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While the weekend will be full of workshops, panels, readings, and more, attendees have another reason to visit the coast this fall: to experience a bit of Hollywood history. Interested in touring some of the "Hollywood" locations in Wilmington? Book a location tour here. And for a complete list of television shows and movies shot in the Wilmington area, click here.

Friday, September 7, 2012

NCWN Fall Conference venue in Cary NC

The NCWN 2012 Fall Conference will be November 2 – 4 at the Embassy Suites on 201 Harrison Oaks Boulevard in Cary, NC
Members will soon receive the NCWN Newsletter with all the details about this annual conference.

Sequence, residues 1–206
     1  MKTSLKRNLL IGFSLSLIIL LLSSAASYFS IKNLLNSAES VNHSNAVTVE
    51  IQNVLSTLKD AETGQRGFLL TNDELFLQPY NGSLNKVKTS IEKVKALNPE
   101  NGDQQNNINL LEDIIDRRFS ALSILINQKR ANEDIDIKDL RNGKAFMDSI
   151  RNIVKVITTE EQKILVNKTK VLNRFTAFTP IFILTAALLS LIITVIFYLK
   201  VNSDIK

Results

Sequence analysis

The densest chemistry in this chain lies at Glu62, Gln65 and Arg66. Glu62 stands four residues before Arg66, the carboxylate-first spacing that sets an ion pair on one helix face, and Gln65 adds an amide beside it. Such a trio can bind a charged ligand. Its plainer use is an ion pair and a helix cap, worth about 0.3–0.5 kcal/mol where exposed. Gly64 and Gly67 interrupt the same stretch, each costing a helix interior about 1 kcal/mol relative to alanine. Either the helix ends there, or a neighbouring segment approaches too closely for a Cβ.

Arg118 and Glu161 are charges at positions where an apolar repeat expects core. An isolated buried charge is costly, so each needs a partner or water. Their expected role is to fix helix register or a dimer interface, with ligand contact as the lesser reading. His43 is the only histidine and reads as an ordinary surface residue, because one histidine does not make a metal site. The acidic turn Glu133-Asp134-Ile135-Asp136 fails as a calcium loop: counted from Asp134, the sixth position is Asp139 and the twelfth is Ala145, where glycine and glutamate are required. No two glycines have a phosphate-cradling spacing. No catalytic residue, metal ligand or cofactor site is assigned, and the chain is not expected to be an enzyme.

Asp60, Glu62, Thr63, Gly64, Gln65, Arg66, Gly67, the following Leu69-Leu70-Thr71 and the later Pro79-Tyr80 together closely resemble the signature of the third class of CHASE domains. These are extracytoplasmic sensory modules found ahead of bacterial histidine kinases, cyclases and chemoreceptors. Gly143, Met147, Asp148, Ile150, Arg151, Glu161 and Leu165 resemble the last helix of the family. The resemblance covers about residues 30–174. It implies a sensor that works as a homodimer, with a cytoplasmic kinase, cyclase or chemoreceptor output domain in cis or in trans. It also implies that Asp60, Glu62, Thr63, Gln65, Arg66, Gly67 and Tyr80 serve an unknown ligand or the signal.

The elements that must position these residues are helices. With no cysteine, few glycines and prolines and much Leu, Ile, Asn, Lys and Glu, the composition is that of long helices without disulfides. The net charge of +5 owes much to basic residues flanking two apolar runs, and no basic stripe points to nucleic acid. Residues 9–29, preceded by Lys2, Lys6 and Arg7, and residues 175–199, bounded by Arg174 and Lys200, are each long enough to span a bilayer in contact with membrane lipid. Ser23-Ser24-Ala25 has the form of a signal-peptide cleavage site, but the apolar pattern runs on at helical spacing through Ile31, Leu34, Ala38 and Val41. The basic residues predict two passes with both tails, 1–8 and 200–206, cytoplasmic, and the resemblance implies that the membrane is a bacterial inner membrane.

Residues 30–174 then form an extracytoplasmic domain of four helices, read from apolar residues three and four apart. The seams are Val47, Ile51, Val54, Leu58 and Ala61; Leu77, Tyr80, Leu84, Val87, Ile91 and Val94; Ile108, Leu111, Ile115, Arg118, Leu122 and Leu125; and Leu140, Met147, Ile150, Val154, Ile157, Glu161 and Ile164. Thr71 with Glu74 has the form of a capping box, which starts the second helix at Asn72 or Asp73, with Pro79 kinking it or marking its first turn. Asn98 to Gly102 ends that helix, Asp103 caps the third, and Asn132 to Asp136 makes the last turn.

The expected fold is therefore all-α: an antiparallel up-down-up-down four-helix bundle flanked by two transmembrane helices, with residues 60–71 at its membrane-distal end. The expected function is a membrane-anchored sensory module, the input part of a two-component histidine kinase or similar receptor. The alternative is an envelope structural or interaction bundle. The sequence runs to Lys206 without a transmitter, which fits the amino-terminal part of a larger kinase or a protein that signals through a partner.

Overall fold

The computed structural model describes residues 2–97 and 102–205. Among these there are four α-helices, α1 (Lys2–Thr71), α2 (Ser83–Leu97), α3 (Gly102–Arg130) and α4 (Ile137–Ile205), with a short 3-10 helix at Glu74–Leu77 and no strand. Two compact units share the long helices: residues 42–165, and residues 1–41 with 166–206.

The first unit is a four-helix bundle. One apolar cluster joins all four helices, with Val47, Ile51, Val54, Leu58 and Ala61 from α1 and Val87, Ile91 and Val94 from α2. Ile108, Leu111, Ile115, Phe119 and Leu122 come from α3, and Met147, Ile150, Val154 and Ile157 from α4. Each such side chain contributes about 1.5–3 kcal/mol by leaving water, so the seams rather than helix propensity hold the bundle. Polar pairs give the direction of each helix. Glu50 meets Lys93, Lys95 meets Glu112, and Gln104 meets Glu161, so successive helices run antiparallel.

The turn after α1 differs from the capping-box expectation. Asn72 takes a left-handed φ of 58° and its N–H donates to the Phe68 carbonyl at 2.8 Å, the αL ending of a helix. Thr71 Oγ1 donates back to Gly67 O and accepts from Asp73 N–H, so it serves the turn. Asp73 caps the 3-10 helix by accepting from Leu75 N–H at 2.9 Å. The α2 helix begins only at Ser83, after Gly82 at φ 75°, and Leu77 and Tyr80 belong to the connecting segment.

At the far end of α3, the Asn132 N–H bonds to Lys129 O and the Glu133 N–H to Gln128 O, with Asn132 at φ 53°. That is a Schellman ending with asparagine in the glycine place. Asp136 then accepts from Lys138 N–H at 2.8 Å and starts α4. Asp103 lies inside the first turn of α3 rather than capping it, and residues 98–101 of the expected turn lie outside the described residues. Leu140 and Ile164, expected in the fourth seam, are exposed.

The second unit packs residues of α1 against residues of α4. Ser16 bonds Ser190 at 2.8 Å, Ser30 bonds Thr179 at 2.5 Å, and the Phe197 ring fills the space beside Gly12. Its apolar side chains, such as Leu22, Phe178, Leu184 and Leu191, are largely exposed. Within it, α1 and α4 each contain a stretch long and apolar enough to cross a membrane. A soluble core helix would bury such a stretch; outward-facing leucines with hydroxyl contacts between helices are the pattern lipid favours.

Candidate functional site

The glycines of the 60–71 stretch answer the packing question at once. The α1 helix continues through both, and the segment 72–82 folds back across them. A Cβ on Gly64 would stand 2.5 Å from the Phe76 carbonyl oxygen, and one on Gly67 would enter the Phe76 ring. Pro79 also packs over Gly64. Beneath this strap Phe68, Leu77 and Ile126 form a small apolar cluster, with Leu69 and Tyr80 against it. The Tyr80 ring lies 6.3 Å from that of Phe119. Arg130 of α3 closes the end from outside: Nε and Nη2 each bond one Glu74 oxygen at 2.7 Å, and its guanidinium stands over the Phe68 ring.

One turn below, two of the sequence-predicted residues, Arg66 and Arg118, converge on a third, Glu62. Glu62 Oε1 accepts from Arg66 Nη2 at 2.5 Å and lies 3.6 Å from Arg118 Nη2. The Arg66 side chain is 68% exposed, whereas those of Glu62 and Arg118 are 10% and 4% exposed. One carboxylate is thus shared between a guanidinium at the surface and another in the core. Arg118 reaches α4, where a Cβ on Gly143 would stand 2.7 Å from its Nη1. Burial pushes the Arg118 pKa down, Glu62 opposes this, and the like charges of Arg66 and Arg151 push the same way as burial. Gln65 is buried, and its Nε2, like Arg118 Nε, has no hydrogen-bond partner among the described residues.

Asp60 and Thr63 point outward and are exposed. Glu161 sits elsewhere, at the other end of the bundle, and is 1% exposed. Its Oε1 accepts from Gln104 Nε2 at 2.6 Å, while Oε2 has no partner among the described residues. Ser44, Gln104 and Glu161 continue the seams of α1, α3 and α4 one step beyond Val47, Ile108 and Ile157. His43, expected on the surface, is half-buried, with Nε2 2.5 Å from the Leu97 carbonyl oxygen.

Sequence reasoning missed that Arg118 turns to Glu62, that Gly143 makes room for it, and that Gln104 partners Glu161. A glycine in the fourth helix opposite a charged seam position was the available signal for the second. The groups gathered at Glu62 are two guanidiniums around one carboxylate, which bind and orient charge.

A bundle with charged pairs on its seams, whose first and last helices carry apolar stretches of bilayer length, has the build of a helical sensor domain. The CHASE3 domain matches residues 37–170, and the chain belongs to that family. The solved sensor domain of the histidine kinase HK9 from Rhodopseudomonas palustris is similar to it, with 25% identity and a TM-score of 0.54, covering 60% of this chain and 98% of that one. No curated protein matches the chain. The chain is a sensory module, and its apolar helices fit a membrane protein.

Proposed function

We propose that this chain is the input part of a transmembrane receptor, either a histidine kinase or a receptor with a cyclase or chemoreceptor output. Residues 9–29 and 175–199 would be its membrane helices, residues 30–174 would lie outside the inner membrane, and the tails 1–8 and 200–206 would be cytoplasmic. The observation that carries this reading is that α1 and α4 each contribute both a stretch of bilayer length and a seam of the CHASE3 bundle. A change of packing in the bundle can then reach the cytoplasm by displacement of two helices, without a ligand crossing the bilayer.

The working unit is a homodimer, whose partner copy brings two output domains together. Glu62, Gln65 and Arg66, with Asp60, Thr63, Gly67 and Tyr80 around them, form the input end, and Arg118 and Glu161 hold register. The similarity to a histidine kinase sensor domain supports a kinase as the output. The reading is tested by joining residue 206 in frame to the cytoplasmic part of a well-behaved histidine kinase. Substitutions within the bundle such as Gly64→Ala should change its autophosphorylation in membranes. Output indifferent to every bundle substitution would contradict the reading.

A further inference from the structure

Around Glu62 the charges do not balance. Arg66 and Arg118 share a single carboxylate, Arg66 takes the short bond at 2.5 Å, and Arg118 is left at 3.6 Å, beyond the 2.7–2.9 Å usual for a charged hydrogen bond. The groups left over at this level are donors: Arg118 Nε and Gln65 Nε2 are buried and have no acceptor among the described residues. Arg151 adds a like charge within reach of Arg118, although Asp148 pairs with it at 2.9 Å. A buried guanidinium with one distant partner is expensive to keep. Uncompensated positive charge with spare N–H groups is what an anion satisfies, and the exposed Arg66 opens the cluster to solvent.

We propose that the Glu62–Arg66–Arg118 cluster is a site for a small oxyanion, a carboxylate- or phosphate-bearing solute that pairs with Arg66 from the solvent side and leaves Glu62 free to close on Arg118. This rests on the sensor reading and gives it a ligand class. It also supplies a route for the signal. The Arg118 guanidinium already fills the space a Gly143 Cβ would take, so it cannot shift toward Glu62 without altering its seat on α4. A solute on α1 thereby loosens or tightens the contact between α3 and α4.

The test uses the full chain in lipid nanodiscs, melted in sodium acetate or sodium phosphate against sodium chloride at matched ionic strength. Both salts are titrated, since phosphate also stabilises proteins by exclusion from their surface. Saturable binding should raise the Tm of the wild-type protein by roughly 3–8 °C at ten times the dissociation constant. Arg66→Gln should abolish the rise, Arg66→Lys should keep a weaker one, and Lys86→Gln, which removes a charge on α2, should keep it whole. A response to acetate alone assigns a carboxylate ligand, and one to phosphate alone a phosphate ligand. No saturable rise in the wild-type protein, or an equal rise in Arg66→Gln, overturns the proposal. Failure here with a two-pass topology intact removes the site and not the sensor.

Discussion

Charles Fiore checked for me and the Embassy Suites said we can request the room we reserve NOT be sprayed with "air freshener" if that bothers us.  If they have the chemical fragrance automatically spraying into the halls and elevators like the hotel in Asheville last year, people with multiple chemical sensitivities, and I am not the only writer with the problem, will still be in danger of becoming ill.
This conference lineup of speakers is certainly enticing, but Cary is a long way from south western NC. Many of the writers we hear about and read about will be on the schedule for this event. Once again I wish we had the technology to stream those sessions to some place near us. Wouldn't that be cool? 
Visit for more information. 

Tuesday, November 25, 2008


Nancy Sales Cash, Mary Jo Dyre, Lana Hendershott, Glenda Beall, Ken Kinnett, and Pat Davis at conference last year.
Did you attend the Fall Writers' Conference held by NCWN in Durham this month?

If you did, please leave a comment and tell us about it.